How to Burn a Goat
Farming with the Philosophers
Imprint: Baylor University Press
Sales Date: 2019-11-15
224 Pages, 5.00 x 8.00 in
- Published: November 2019
The ancient Roman orator Cicero famously believed, "If you have a garden and a library, you have everything you need." Contemporary philosopher Scott H. Moore agrees and puts this celebrated aphorism to the test.
In How to Burn a Goat: Farming with the Philosophers, Moore speculates on the practice of farming through the lens of philosophy and literature. He weaves together a tapestry of philosophical reflections on work and leisure, the nature of the virtues, and the role and limitations of technology and higher education with personal reflections on the joys and trials of farm life on his Crawford, Texas, farm.
Full of self-deprecating humor, Moore relates his own experience of a philosopher turned farmer. His efforts at scholar-farmer are haunted by questions from the world’s great minds—"Does Plato’s ‘city of sows’ ring true?," "Can Ockham help break a recalcitrant heifer?," "How can Heidegger help with raising swine?," "What insights does Iris Murdoch offer for pest control?" Combining insight with down-to-earth vignettes, Moore joins Wendell Berry, E. B. White, George Orwell, and many more in recognizing the truths deeply rooted in the management of the practical affairs of a farm.
Moore argues that a return to agrarian roots is needed to restore Aristotelian wonder and wisdom in a world increasingly defined by technology. Rejecting the idea that humans are simply cogs in a wheel, he shows how greater human happiness can be found in the meaningful labor of tending to nature, rather than the ever-expanding march of automation.
A Burnt OfferingBuying GeeseComing to Terms with ShitLambingGuinea FowlRed in Tooth and ClawPlaying by EarHomecoming and the Future of Higher EducationDoing It and Getting It DoneFallacy of AcquisitionMulesSeptic MattersOrphan ChicksSilky Smooth’s Big AdventureTo a Hare, From a LouseFarmers, Christians, and Intellectuals: Cultivating Humility and HopeNew GuineasSkunks RattlesnakesDead LambsAlexander McCall SmithToo Many EggsOckham, Iris, and the Show CattleWendell, Gene, and Joel: On the Difficulties of Theology and AgricultureDo Sweat the Small StuffNot So Humble, but Near to the GroundSaving SpidersSnakes and ChicksTolstoy and PahomThe Cow in the Parking LotBack to the Rough Ground: The Consolations of TechneCalvesE. B. White’s Adventures in ContentmentGussie, Lloyd, and MochaIn Defense of Watching Grass GrowOrchardsCity of SowsFarming with the Philosophers: Work, Leisure, Wonder, and GratitudeAppendixIris Murdoch’s Vexed Relationship with Christian Faith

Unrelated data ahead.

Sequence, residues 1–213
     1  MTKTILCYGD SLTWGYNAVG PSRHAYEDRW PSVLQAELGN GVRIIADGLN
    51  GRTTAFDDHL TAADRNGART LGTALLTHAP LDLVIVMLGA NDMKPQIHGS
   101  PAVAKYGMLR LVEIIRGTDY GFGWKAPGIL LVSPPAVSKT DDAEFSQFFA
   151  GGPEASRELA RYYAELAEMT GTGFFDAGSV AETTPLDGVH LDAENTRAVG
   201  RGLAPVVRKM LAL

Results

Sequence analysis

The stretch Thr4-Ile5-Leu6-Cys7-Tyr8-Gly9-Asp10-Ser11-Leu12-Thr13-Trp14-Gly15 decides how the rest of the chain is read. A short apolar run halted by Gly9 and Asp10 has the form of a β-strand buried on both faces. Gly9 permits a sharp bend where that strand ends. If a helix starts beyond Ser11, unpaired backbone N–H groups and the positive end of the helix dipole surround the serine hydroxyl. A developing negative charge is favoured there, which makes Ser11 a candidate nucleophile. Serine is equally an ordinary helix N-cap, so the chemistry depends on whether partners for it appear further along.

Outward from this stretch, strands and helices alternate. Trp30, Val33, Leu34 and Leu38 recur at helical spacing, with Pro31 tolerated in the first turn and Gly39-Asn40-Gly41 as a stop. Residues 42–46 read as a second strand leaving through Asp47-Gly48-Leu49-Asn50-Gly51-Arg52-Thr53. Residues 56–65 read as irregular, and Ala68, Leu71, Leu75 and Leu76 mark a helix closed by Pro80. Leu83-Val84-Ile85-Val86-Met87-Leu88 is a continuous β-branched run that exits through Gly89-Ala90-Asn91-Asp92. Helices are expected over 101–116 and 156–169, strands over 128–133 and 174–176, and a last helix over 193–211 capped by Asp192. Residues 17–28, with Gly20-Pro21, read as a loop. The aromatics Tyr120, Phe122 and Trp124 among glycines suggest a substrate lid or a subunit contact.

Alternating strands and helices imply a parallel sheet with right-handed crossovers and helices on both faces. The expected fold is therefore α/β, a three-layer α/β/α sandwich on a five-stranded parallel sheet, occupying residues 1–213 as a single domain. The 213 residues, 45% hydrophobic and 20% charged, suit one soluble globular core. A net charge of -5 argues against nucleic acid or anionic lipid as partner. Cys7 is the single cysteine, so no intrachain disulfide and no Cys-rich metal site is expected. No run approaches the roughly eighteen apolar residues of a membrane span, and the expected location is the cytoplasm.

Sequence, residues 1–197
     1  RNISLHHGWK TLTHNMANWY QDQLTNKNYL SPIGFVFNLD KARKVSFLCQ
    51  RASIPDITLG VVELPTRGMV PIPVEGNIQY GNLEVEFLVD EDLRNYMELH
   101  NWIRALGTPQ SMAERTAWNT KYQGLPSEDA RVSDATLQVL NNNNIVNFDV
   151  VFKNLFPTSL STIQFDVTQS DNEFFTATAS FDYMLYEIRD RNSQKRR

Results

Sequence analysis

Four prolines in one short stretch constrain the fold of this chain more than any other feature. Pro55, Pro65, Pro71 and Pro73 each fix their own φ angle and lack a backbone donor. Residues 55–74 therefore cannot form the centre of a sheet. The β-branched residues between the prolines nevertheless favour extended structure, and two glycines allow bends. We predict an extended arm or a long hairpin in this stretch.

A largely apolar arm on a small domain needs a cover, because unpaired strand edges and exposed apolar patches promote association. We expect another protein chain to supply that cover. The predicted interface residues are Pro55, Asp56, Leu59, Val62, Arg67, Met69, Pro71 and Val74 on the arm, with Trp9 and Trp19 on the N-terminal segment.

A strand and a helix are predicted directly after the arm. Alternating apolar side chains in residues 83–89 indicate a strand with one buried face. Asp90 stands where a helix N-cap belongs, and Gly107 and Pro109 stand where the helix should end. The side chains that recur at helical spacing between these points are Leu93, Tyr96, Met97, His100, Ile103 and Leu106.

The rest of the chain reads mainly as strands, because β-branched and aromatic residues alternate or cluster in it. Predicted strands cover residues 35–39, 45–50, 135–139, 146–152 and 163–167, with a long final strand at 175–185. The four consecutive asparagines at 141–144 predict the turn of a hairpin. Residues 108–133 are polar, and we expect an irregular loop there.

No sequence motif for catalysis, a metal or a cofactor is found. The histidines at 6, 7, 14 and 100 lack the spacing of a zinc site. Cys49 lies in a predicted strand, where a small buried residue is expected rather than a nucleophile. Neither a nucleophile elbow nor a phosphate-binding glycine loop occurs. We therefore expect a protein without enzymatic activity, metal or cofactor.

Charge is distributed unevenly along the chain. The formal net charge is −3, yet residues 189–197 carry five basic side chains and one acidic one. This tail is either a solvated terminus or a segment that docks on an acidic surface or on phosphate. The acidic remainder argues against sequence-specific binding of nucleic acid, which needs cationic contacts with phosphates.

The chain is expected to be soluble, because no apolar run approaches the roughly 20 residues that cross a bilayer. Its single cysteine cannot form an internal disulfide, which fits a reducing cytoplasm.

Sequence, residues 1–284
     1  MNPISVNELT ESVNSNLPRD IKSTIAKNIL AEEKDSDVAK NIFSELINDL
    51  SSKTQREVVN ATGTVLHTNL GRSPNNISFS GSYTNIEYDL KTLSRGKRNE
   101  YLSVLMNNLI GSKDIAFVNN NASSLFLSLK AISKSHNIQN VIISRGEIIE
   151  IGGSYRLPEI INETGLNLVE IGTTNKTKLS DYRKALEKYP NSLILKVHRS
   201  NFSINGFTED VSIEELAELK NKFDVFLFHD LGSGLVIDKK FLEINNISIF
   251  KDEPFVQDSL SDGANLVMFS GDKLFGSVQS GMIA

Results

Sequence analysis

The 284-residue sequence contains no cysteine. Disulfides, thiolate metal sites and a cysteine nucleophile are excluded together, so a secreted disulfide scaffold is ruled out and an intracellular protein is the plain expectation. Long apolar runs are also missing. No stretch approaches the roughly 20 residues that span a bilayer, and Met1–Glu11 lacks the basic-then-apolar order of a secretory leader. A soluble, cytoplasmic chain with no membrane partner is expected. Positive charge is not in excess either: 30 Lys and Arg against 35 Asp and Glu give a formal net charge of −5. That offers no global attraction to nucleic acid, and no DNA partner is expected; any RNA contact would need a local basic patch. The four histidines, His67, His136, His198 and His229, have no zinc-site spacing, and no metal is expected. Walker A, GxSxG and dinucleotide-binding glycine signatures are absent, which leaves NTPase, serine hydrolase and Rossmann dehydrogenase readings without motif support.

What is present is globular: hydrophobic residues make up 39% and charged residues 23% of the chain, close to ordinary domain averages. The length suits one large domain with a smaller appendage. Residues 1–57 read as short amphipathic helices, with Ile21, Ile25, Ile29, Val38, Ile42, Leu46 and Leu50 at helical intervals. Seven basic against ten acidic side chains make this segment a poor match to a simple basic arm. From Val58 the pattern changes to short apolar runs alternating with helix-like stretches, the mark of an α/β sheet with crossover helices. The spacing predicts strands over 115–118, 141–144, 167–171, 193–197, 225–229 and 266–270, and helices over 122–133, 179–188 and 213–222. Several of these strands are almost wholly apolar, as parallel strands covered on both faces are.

What a fun book! A self-described ‘inexperienced philosopher hobby farmer,’ Moore writes about chasing guinea fowl, the virtues of mules, the vices of geese, the sounds heard on a farm, or why it is important to watch grass grow, mixed with quotations by everyone from Wendell Berry to Wittgenstein all in a clean prose style reminiscent of E. B. White. Moore had me laughing out loud and then pondering his wisdom the rest of the day.~Rev. Kyle Childress, Pastor, Austin Heights Baptist Church, Nacogdoches, Texas
Scott Moore has given us a wonderful gift with this book--a book of comedic determined wisdom that only a philosopher trying to be a farmer could describe. On reaching the end of the book my only thought was to read it again not only because Moore writes so well, but because I want to remember how (not) to burn a goat or to understand better the relationship between Plato and pigs.~Stanley Hauerwas, Gilbert T. Rowe Professor Emeritus of Divinity and Law, Duke Divinity School
Moore is on to important issues and is making a significant advance on questions about ethics, the environment, agriculture, and Christianity. How to Burn a Goat takes the reader on an intellectual adventure that opens with a family’s exploration of agrarian life and concludes with an encounter with some of the most profound philosophical insights of classical and modern philosophy.~David Solomon, de Nicola Center for Ethics and Culture, University of Notre Dame
As deftly written, organized and presented, as it is inherently interesting, thoughtful and thought-provoking, How to Burn a Goat: Farming with the Philosophers is a unique and unreservedly recommended addition to both community and academic library Contemporary Philosophy collections and supplemental curriculum reading lists.~The Midwest Book Review
Moore’s writing is entertaining and clear. He has a narrative gift combined with the technical training of a philosopher that allows him to clearly identify and analyze premises in thinking.~Karl C. Schaffenburg, University Bookman